It was dark, it was cold, it was stormy with 70knot winds and waves 20ft high when young fisherman Reegan Green was lifted off his feet and washed overboard from a Brixham trawler 25 miles off the Devon coastline.
Experienced air and sea rescue personnel who spent an hour looking for Reegan in the dark knew one thing – they had never before pulled a fishermen alive and conscious from the sea in similar conditions.
But this time things were different. Incredibly Reegan was saved and now he and his crew have been honoured with the first ever HM Coastguard ‘Life Saver Award’.
What made this rescue different was first and most importantly the fact that Reegan was wearing his lifejacket. That lifejacket kept his head and airway above water. And its tiny reflective strip was the one thing the helicopter crew spotted in the darkness as they searched in the early hours of May 10 this year.
And secondly – the crew of the ‘Emilia Jayne’ from Brixham were well drilled in safety procedures. Because of their training, after Reegan disappeared out of sight they did all the right things in the seconds that mattered.
Skipper Jay Holden and crew member Luke Selvey acted in ‘the highest traditions of the fishing brotherhood’ – and now the whole crew has been recognised with a new award given for the first time this week.
Within seconds they threw a smoke marker into the darkness so that they would know the spot where Reegan went overboard. At the same time they sent a distress alert and issued a Mayday broadcast.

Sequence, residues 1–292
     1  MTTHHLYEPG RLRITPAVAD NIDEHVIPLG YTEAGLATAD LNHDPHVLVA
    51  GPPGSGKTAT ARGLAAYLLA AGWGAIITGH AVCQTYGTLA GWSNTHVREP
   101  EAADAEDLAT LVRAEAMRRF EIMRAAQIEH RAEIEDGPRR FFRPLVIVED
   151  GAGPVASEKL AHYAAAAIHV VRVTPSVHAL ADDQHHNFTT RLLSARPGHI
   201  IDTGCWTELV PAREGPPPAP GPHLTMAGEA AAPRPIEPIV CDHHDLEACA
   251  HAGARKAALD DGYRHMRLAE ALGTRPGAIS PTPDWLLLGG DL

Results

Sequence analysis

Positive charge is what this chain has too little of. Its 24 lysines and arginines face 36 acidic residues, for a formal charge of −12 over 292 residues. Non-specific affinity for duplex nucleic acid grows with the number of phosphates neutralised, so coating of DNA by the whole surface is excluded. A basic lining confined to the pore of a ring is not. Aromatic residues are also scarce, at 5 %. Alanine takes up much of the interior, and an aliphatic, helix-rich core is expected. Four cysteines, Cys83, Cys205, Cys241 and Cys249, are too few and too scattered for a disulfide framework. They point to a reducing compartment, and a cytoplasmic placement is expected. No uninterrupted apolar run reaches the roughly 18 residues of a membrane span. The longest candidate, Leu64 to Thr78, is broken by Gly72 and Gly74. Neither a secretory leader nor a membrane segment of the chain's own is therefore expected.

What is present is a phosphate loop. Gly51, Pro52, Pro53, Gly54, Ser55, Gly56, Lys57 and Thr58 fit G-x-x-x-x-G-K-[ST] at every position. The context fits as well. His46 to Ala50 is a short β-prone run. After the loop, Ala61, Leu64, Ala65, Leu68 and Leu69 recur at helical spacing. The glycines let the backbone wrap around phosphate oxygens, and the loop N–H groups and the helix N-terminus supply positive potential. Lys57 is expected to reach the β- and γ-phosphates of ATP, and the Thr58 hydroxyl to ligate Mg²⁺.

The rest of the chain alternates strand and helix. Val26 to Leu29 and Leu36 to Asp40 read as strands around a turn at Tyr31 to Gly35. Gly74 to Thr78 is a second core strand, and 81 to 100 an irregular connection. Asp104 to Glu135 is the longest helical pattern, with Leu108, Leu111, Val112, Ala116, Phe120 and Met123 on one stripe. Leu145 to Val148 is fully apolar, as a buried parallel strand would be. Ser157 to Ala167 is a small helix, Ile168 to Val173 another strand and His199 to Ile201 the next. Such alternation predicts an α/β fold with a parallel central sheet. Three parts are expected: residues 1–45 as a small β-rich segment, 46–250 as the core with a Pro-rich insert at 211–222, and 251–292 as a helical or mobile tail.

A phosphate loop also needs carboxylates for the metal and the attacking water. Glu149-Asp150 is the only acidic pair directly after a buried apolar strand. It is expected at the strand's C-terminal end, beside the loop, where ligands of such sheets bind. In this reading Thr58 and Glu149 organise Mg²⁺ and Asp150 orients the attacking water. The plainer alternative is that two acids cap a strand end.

Thirdly, the HM Coastguard rescue helicopter pulled off an exemplary rescue, plucking Reegan from the sea before the cold killed him.
Coastguard winchman Mark ‘Spike’ Hughes said: “It’s the type of night you don’t want to be going outside in. I saw Reegan looking at me from the water – I could see the whites of his eyes and he could see the whites of mine and that was a good moment. By then I was only a matter of feet away and within about two minutes the rescue was complete.”
Reegan said afterwards: “I thought that was me finished honestly – I spent an hour on my own in the water. It felt like a lifetime out there on my own.
“When I saw the helicopter coming it was just unbelievable – there’s no feeling like it.”
Afterwards ‘Emilia Jayne’ owner Mike Sharp put up this picture of Reegan on Facebook and said he just couldn’t stop smiling.
And this week during an emotional evening Reegan was still smiling when he and Mike were honoured at the Fishing News awards with the first ever HM Coastguard ‘Life Saver Award’.
In a ceremony held in Aberdeen they accepted the new award from HM Coastguard Winchman Mark ‘Spike’ Hughes who helped save Reegan when he was washed off the vessel in a treacherous sea.
‘Spike’ said: “Through quick thinking and bold leadership, the Skipper, Jay Holden and crew member Luke Selvey helped HM Coastguard save Reegan that night, and their actions are commended in keeping with the highest traditions of the fishing brotherhood.
“This award has been specially created to recognise a vessel crew who have clearly demonstrated they were prepared for the worst and their actions contributed to saving a life.